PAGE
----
Welcome to the McNally lab. We are located in the Department of Molecular and Cellular Biology at the University of California, Davis. We work on the mechanisms of asymmetric spindle positioning, chromosome segregation, and polar body formation during female meiosis in C. elegans.
Female meiosis is critical for the development of human embryos. Down Syndrome and a high proportion of miscarriages are caused by non-disjunction during female meiosis. In addition, current methods for mammalian cloning involve removing the meiotic spindle from the metaphase II-arrested egg and introducing a G1 diploid nucleus which is converted into a diploid pseudo-meiosis II spindle.
During meiosis in most species, chromosome number is reduced four-fold by first segregating pairs of homologous chromosomes and subsequently segregating pairs of sister chromatids. In male animals, these sequential chromosome segregation events result in four haploid sperm. In contrast, only one of four meiotic products is inherited during female meiosis. This asymmetric inheritance is mediated by meiotic spindles that are attached by one pole to the oocyte cortex at anaphase. Female meiotic spindles in mouse, humans, and C. elegans are considered “anastral” because they do not have visible astral microtubules or the centriole-containing centrosomes that organize astral microtubules. Thus novel mechanisms are likely to mediate meiotic spindle positioning in C. elegans and human oocytes. In fact, mouse meiotic chromosomes translocate to the cortex in the complete absence of spindle microtubules.
Cortical meiotic spindle positioning is followed by asymmetric cell divisions that leave one haploid set of chromosomes in the female pronucleus of a large egg and the “extra” chromosome in tiny cells called polar bodies. There is also conservation in the spindle movements that lead up to the perpendicular cortical attachment of the spindle at anaphase. In mouse, Xenopus, and C. elegans, the meiosis I spindle or its precursor assembles at a distance from the cortex and translocates to the cortex after nuclear envelope breakdown. In C. elegans, Drosophila, Xenopus, and at least meiosis II of mouse, the spindle is initially oriented parallel to the cortex and then undergoes a discrete rotation to the perpendicular orientation. C. elegans, however, is the only genetically-tractable species where the complete sequence of spindle movements during meiosis I and meiosis II can be continuously tracked by time-lapse imaging.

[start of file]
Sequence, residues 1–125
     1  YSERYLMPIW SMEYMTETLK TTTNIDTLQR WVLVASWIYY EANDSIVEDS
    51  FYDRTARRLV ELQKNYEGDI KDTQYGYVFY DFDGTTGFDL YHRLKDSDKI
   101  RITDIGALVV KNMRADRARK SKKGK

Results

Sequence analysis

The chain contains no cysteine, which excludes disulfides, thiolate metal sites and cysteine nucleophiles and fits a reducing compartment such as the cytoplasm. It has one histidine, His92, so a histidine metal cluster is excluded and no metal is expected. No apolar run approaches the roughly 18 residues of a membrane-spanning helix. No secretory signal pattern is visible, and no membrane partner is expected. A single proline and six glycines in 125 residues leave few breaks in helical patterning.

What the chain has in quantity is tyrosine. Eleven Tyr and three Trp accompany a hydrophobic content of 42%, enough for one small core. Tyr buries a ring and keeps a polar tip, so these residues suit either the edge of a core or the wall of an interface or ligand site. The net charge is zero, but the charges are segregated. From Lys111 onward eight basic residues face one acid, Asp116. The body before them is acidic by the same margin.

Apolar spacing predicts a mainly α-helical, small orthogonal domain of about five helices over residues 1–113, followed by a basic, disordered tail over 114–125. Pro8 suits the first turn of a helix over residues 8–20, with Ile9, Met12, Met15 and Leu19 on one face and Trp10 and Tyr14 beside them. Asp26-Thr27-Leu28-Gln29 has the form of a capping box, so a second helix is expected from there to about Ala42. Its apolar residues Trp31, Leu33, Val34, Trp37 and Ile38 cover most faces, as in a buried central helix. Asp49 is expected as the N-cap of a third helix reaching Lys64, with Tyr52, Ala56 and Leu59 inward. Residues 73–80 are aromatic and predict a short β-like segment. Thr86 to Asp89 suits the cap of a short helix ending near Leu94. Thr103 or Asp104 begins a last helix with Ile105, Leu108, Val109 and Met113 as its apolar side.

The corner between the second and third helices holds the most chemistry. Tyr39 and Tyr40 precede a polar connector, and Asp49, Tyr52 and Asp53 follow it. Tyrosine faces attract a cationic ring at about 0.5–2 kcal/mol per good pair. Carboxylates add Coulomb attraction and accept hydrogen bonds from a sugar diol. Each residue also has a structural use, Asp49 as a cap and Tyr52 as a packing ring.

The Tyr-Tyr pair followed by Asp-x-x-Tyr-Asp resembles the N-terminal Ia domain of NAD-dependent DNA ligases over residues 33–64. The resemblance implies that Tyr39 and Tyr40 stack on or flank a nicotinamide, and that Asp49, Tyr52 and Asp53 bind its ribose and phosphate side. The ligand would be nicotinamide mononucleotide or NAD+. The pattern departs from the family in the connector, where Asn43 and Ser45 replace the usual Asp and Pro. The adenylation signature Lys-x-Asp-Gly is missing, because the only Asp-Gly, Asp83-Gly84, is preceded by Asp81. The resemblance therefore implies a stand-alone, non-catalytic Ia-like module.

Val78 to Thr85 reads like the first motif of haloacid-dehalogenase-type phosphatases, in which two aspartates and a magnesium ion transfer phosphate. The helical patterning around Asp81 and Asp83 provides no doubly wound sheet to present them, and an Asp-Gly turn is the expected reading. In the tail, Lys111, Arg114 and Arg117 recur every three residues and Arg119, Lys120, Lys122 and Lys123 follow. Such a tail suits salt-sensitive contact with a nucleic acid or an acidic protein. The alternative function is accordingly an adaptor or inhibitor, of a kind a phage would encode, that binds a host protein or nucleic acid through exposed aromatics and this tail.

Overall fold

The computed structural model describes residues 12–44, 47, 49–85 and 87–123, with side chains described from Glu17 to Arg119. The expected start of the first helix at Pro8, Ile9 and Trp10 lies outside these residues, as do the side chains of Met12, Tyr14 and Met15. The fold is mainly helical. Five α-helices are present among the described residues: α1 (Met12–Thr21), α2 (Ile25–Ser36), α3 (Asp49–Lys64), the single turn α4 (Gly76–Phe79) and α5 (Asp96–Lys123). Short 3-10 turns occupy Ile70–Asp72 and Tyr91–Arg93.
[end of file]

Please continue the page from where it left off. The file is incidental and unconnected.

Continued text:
Our lab uses the nematode C. elegans to study the mechanisms of asymmetric meiotic spindle positioning and polar body extrusion. We are specifically interested in understanding how the cytoskeleton contributes to these processes, as well as understanding the molecular mechanisms responsible for driving the spatial and temporal order of events. Some of the current projects in the lab focus on:
– The role of the microtubule motor protein, Kinesin-1, in meiotic spindle positioning.
– The role of the microtubule-severing ATPase, katanin, in meiotic spindle assembly and spindle length control.
– The role of fertilization and the SPE-11 protein in meiotic progression and polar body formation.
– The mechanism of polar body extrusion
– The role and regulation of cytoplasmic dynein dependent meiotic spindle movements.